UJ Vice Chancellor Professor, Letlhokwa Mpedi giving an opening speech at FADA Gallery. Photo: Sfundo Parakozov

The exhibition started on July 20, and it will end on August 19, 2023, with special walkabouts with the artists on July 22 and August 5, 2023.  

FEATURED IMAGE: Art enthusiasts walking past a Brenton Maart exhibition. Photo: Sfundo Parakozov


Photography exhibition illuminates the inner city

Earlier this year Gauteng City Region Observatory (GCRO) launched a photography competition, which ended with an exhibition of 62 of the most powerful photo’s received.

Entrants were asked to send through photographs of theirs which depicted their perceptions of the Gauteng City Region, said finalist and Witsie Thato Nkoane. Nkoane came in 4th place for her photo called ‘Johannesburg My City’, which was entered under the politics and governance sub topic.

“There were about 600 entries,” said Nkoane. The ecompetition was made open to students and staff af all university;s in the Gauteng region. The prizes offered were to the value of R15 000. Of wich Nkoane won R1000 and would like to use that money to buy herself a Lomography camera.

The final event came in the form of an exhibition at the FADA Gallery at UJ. There were over 250 people in attandance at the launch of the exhibition last week.

The judges were two photographers, Jodi Bieber and Roger Ballen. The third judge was Khwezi Gule who is the chief curator of the HectorPieterson Museum.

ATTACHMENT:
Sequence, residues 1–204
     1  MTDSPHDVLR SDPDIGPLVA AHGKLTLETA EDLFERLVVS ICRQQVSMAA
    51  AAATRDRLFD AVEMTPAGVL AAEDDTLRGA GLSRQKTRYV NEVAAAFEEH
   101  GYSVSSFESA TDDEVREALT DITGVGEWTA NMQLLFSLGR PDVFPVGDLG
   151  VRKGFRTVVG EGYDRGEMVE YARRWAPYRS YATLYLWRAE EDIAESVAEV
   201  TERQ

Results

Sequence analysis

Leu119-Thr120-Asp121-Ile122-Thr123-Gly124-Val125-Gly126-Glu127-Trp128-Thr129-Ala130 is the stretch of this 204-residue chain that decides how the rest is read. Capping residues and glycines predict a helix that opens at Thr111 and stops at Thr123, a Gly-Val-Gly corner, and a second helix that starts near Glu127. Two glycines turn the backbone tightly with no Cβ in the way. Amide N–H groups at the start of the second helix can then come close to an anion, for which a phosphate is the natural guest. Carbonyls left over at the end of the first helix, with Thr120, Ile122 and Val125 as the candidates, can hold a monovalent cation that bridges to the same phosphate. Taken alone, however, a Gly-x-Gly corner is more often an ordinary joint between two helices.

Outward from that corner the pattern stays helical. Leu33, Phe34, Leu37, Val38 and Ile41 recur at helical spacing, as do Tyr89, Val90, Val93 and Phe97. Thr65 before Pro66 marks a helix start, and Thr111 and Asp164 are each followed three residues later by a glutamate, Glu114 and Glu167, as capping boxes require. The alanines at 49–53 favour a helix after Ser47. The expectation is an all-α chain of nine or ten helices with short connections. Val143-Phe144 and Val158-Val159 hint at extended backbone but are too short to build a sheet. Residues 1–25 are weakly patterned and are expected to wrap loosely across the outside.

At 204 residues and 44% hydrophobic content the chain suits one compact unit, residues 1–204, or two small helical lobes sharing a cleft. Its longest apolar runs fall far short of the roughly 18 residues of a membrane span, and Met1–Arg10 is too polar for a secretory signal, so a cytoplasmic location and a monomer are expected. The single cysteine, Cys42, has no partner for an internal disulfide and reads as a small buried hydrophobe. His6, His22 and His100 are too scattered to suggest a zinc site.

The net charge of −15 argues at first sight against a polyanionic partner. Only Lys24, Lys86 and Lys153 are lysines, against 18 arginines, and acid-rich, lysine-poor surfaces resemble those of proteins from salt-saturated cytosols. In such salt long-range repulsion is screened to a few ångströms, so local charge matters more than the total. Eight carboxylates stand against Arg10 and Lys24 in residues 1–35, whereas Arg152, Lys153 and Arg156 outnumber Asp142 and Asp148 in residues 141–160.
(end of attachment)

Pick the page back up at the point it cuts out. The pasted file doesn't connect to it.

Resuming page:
Potsiso Phasha, from GCRO said that “The exhibition, entitled ‘Portraits of a City-Region’, is an illustration of the Gauteng City-Region as a place we interact with with a strong ‘personality’ of its own and one with which we are constantly engaged in building relationships with.

GCRO ran the competition andexhibition in partnership with FADA Gallery at UJ. The GCRO is a partnership between the University of the Witwatersrand, the University of Johannesburg and Gauteng Provincial Government.

The top five winning images where taken by the following people (and appear below):

  1. Blaq Smith
  2. Jenna-Lee Ferrer
  3. Irene Lambrianos
  4. Thato Nkoane
  5. Martin Bolton

Winning photo, 'Sunday Morning' by UJ student Blaq Smith.

Winning photo, ‘Sunday Morning’ by UJ student Blaq Smith.


In second place, 'F-CK' by UJ student Jenna-Lee Ferrer.

In second place, ‘F-CK’ by UJ student Jenna-Lee Ferrer.


Third place went to Irene Lambrianos from the Design School South Africa. Her photography is titled 'City'.

Third place went to Irene Lambrianos from the Design School South Africa. Her photography is titled ‘City’.


in fourth place representing Wits, "My City" by Thato Nkoane.

In fourth place representing Wits, “My City” by Thato Nkoane.


in fifth place 'The Asphalt' by UJ winner, Martin Bolton.

In fifth place ‘The Asphalt’ by UJ winner, Martin Bolton.